Dr. Aix’ postings are something to look forward to each day on the train home. I’ve listened to every medium, from a crystal set (to use earphones when parents thought I was asleep) to 78’s, 45’s, 33’s (with their RIAA curves) and so on. I remember Avery Fisher “fooling” entire auditoriums by having a live orchestra simulate playing while he played his “hi-fi”, and so on. But one wonders whether that is the point.
    An engineer can easily make true hi-rez sound just like that crystal set- -that’s one end of the spectrum (and I own CD’s that sound just terrible compared to the same recording on an LP). The other might be termed, “Maximizing the recording process from live performance to whatever emanates from one’s speakers/phones to minimize distortion of any kind.” Critically comparing 16/44.1 to 24/192 is a fascinating exercise, but avoiding the purchase of music advertized as the latter when the source material is so badly flawed as to set one’s teeth on edge may be where the needle used to hit the vinyl, so to speak.
    Accordingly, could it possibly be more productive to chart a course from the current status to a place where the industry should be. Pono is getting lots of criticism, but the proof of the pudding won’t be how good his candy bar processes signal, it’ll be his success in obtaining distortionless (I know there’s no such thing) source material.
    Enough. Thanks again for the daily missives.

    • Thanks John…you sound like you’ve lived somewhat of a parallel life. I remember my first crystal set and the earpiece in only one ear. Those were the days.

      I think your point about Pono, the device, and Ponomusic, the service, is exactly right. And I can tell you that the major labels are supplying the same masters to ALL of the “so-called” high-resolution download services. I’ve been in discussions with all of them. Right now there are only 1500 or so transfers that have been done. Just how many places will be able to successfully sell the same standard definition material dressed up in high-resolution “clothes”?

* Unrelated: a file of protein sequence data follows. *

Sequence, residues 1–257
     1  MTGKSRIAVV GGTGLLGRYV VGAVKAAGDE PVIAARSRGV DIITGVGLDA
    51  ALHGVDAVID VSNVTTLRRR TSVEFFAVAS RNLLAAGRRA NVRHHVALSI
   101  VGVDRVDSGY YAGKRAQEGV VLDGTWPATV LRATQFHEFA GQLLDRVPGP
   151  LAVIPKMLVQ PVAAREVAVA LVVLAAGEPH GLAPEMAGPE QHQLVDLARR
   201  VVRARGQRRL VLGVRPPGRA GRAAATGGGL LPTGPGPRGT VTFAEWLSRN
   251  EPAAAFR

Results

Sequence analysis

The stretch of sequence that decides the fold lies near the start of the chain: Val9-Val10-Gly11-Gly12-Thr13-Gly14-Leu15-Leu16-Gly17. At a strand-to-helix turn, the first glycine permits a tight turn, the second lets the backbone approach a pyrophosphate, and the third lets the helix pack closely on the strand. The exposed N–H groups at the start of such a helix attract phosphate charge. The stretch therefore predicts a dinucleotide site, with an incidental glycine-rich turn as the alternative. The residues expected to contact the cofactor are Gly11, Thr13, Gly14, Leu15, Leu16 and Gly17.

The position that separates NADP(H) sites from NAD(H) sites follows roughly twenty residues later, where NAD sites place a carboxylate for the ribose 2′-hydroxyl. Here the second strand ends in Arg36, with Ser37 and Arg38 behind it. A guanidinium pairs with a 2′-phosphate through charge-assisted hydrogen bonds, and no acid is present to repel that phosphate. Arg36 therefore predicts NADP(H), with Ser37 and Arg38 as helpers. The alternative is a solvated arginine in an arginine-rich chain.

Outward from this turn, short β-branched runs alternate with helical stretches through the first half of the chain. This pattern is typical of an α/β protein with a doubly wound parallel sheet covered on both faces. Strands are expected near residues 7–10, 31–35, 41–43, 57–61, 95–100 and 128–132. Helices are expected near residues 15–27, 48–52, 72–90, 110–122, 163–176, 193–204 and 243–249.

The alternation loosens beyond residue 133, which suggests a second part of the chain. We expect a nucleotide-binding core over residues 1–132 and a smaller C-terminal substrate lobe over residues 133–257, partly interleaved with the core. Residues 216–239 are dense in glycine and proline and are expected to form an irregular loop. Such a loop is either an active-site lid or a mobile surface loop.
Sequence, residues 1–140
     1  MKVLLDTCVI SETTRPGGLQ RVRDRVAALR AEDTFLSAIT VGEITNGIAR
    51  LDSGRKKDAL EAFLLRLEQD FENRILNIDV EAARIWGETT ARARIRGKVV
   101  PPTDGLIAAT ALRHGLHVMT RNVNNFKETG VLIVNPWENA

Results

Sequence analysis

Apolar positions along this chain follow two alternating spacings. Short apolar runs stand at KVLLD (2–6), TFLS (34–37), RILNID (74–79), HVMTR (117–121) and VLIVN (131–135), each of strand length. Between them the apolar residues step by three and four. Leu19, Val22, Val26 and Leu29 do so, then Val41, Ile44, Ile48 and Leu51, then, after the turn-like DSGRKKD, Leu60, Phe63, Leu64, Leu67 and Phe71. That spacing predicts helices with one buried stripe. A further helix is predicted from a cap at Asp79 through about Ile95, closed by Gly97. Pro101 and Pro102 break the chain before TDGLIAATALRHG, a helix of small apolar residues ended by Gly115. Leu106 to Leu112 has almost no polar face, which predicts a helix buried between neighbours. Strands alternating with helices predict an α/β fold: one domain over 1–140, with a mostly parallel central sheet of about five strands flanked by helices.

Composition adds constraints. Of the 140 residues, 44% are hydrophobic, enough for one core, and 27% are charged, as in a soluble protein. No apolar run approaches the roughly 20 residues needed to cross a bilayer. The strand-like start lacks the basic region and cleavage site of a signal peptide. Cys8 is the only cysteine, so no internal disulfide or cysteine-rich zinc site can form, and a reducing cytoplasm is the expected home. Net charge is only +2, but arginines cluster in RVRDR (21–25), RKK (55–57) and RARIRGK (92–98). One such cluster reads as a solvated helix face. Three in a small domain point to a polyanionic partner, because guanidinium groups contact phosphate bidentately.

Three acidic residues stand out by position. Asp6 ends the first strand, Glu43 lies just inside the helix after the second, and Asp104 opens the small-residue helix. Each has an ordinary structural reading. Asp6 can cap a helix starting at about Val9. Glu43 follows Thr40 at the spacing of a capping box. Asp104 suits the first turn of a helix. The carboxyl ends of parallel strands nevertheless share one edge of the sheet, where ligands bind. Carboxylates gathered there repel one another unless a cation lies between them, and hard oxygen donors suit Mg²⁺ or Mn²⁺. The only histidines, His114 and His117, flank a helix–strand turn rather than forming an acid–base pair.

• Hi!

    First: thank you very much for your blog. I really enjoy reading this!

    One question. you wrote: “Except in the case where a Direct Metal Master is cut while the ensemble is performing an entire side of an album, all vinyl LPs are cut from analog masters.”

    Did you really mean DMM, or direct cut?

    • It wouldn’t matter either way…both cutting methods would avoid the analog tape stage but would still no quality as HRA.

  • Lin Hong Wong

    I think we can cut away the confusion by focusing on the recording. Thus I would propose the following definition: “High resolution audio is a recording at minimum 88.2 kHz, 24 bit PCM or 2.8 MHz DSD.” The recording can then be reproduced at whatever playback resolution, even compressed to MP3 or cut into vinyl, but it would still remain a high resolution audio recording. We do not worry about the playback resolution, just the recording resolution.

    The analogy in the video world would be Avatar which was recorded in true 3D HD and can then be reproduced and played back in 2D HD or 2D SD. The recording remains true 3D HD. A studio may convert a 2D SD movie to 3D HD and sell it with whatever marketing hype, it remains a 2D SD recording!

    • Lin Hong Wong

      Sorry, this was meant to be posted in your latest blog – on Mar 23.

    • I’m pretty much with you on the definition of minimums. The problem is that every single mention of High-Resolution Audio focuses on the delivery side of the picture and ignores the “provenance” or source quality. If you get a track as a 192 kHz/24-bit file then they want us to believe that the recording format doesn’t matter.